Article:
"This is a phenomenal day," he said. "We can't punish the guilty by walking over the innocent — ever."

Jealous said he isn't sure opponents will petition the repeal to referendum, but he promised that if they do, the NAACP will contest it. The organization hopes to get 26 states to overturn the death penalty, and says it would then petition the U.S. Supreme Court to declare capital punishment a cruel and unusual punishment.

"We are committed to going the distance," he said. "This is one of our biggest state-level priorities this year, and it will remain so until it is clear it is completely over."

More than 300 men and women have been sent to their deaths by Maryland courts since the first recorded execution in 1638. In recent years, the death penalty has been used sparingly in the state — with only five executions in the past half-century. All were carried out by lethal injection between 1994 and 2005.

For most of Maryland's history, the death penalty was broadly accepted as the appropriate punishment for a wide variety of crimes — including, in its early years, witchcraft and horse theft. The means of execution evolved over time from gruesome methods such as burning at the stake to hanging, the gas chamber and — since 1994 — lethal injection.

Maryland state archivist Edward Papenfuse said that throughout the state's history, there has been an undercurrent of opposition to capital punishment. "Until the 1960s, it was a very small minority opinion, as far as the powers that be," he said.

On Friday, delegates offered emotional arguments from the floor to keep or repeal capital punishment.

Del. Ted Sophocleus, a Democrat, recalled mopping up blood from a murder in his drugstore in the 1980s. He said he would not regret keeping the death penalty for heartless killers. "You're not going to make me feel guilty for pulling that switch."

Del. Bill Frank, a Catholic and one of two House Republicans to vote for repeal, said he became a "reluctant convert," swayed by advocates' pleas.

"The worst of the worst, believe it or not, were created in [God's] image," Frank said.

Other lawmakers said they cast votes to keep or end the death penalty because their constituents convinced them. One said he was swayed by repeal advocate Bonnita Spikes, widow of a murdered man, who sat in the balcony above the debate holding a photo of her late husband. Still others were swayed by impassioned pleas from colleagues.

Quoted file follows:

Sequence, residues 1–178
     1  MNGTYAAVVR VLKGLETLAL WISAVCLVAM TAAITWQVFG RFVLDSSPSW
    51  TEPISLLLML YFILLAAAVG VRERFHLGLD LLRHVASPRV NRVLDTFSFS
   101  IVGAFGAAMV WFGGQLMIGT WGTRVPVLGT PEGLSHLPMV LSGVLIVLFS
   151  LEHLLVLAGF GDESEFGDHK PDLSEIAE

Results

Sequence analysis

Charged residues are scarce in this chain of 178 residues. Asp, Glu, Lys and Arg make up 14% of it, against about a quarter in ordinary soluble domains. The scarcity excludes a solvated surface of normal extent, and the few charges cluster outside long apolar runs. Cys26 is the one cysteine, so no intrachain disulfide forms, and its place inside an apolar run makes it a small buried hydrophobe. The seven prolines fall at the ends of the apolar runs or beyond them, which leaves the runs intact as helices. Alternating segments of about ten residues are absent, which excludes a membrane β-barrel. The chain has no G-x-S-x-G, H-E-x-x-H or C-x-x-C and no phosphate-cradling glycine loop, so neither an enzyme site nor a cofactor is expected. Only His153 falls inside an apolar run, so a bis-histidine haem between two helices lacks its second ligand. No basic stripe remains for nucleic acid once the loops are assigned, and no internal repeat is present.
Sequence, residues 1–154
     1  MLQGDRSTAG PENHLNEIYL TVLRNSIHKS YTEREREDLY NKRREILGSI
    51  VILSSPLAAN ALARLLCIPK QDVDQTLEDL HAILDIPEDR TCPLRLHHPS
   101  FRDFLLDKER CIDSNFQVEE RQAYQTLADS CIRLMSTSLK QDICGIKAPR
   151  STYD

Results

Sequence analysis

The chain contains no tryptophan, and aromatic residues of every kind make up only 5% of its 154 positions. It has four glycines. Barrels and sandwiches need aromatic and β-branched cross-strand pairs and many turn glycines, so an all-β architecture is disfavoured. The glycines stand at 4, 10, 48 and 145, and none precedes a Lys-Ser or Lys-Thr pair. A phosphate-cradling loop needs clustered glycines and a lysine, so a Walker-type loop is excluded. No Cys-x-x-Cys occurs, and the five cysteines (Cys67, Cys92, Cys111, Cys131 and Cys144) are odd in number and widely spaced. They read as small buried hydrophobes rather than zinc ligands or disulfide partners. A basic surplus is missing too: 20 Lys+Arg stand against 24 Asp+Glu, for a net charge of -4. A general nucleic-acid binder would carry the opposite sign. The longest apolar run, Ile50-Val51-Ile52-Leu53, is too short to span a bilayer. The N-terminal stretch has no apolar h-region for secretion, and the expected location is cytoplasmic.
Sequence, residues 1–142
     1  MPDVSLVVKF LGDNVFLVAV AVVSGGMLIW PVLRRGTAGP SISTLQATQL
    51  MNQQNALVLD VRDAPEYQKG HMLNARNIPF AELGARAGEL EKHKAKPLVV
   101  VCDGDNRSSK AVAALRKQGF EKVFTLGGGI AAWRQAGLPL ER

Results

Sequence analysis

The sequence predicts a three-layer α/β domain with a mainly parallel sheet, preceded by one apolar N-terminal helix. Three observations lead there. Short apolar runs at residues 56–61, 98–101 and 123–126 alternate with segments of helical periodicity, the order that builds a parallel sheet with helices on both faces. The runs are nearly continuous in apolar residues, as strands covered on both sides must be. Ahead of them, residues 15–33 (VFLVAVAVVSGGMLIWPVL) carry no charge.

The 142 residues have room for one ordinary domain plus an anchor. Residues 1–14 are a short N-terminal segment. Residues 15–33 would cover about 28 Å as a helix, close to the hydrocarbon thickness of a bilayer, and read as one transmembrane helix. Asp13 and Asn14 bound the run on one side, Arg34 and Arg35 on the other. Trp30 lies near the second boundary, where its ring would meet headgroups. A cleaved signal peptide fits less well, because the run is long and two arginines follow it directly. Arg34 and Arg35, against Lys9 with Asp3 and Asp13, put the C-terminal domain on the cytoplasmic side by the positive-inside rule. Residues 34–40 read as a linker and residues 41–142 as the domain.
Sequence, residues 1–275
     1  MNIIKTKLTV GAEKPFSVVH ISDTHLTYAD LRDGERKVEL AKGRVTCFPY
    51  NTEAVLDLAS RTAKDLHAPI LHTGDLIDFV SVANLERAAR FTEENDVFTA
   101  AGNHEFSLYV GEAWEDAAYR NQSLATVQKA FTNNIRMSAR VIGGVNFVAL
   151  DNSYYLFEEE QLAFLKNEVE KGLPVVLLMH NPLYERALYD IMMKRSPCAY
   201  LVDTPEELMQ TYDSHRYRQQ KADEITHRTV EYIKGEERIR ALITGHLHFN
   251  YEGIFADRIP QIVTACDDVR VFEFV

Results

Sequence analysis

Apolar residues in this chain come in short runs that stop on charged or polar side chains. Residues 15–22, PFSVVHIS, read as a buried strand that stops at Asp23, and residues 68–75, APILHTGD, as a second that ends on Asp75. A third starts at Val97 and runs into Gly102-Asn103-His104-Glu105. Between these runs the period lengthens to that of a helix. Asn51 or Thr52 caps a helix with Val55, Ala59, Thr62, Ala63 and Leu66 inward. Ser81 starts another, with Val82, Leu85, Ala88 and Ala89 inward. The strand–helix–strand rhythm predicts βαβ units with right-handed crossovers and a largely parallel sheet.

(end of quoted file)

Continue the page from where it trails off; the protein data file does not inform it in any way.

"I always say the floor debate doesn't move us; we vote how we vote," said Del. Dereck Davis, a Prince George's County Democrat whose change of heart on the death penalty drew applause. "Today was the first day in 10 years I actually listened. … I know I couldn't live with the thought we took an innocent life."

Proponents of capital punishment noted that Maryland's current, narrowly written law requires a high standard of proof. They argued that it was a good compromise that has allowed prosecutors to use the threat of the death penalty in plea bargains.

"We're losing that prosecutorial tool," said House Minority Leader Anthony J. O'Donnell, a Republican from Calvert County.

Eighteen Democrats joined 38 Republicans in voting against repeal.

House Speaker Michael E. Busch called it one of "the most compelling issues" in his tenure.

"It was very tough vote for a lot of people," said Busch, an Anne Arundel Democrat who described his own views on capital punishment as evolving over the decades to become a voice for repeal.

"Many people struggled," Busch said. "I think in many respects, it was one that people ultimately voted their conscience and their own personal beliefs."

michael.dresser@baltsun.com

ecox@baltsun.com

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